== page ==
The art of loving is about learning when to hold on and when to let go.  It is a dynamic that we experience in all of our relationships, including our relationship with Jesus.  The Mystery of the Ascension is about Jesus letting go of his disciples, and our letting go of him, so that he can be with us in a new way, forever, as we learn to take our identity from him.

All of the Gospels testify to this movement of letting go in their own way.  In the longer ending of Mark and in Luke the Ascension is explicitly described.  Matthew alludes to it obliquely in the Great Commission, sending his disciples in mission to the whole world and assuring them that he will be with even until the end of the age.  John’s Gospel includes the wonderful encounter between the Risen Christ and Mary Magdalen, in which Jesus says to her, “Do not hold on to me, because I have not yet ascended to the Father.  But go to my brothers and say to them, ‘I am ascending to my Father and your Father, to my God and your God.’”[2]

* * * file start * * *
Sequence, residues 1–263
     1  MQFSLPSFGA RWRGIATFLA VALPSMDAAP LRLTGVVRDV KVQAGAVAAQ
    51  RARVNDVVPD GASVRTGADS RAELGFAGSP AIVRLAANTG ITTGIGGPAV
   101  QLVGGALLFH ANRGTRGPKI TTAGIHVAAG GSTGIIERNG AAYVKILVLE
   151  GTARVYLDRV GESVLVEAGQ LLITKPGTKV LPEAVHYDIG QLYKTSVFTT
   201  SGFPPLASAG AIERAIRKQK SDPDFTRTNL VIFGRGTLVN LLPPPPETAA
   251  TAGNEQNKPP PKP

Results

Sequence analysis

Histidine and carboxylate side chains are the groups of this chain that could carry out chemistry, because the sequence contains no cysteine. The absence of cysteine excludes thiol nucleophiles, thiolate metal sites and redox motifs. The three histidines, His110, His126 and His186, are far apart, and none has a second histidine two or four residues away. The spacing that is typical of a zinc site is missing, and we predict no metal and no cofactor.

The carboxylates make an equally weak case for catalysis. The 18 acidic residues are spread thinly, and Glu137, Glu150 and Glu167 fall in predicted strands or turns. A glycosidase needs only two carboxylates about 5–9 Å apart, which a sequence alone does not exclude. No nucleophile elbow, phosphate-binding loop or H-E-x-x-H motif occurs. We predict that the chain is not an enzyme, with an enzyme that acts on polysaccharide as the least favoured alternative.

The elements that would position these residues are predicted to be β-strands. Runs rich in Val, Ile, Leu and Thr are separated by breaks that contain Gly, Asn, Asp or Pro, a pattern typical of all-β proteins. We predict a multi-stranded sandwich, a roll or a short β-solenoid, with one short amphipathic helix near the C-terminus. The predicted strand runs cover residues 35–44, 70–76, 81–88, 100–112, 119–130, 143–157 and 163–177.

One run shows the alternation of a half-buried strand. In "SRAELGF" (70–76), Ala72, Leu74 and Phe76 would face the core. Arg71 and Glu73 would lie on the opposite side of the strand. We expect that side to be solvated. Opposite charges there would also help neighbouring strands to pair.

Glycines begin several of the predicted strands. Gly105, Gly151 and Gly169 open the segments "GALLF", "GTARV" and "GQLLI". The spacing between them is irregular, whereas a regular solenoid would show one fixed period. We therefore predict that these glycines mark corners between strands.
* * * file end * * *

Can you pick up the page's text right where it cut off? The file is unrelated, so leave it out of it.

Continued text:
Like Mary Magdalen, our tendency is to want to hold on to Jesus.  We want to freeze our relationship with him, locking it into a particular place in time that is familiar and comfortable.  We want to hold on to the Jesus who was back then and there, who picked us up whenever we fell down. We want to be loved on our terms, clinging madly or pushing away, sometimes within the same breath. 

But Jesus loves us on his terms.  He challenges us to imitate him, to take our identity from him so that we can grow-up and take responsibility for our part in his mission to heal the world.  Jesus ascends to the Father, so that we can discover Christ within us.  He lets go so that he can be present with us in a new way, forever; internal to our way of being in the world such that we are empowered by his Spirit to share in God’s mission.   

Ascension Day is not about the absence of Jesus, as if Jesus is restricted to an historical figure back then and there.  It is about this same Jesus being now, at the “right hand of God,” always and everywhere present with us.  We find him wherever we go.  He always has been there already, all along.  And, through the gift of his Spirit, we find him in us, forming us and equipping us to pick ourselves up again and again, much as Alan carries his father, Juan, within himself.

The Risen Jesus is the Cosmic Christ.  There is nowhere that he is not.  The Mystery of the Ascension requires us to think about the universe differently.  As Bishop Tom Wright has noted,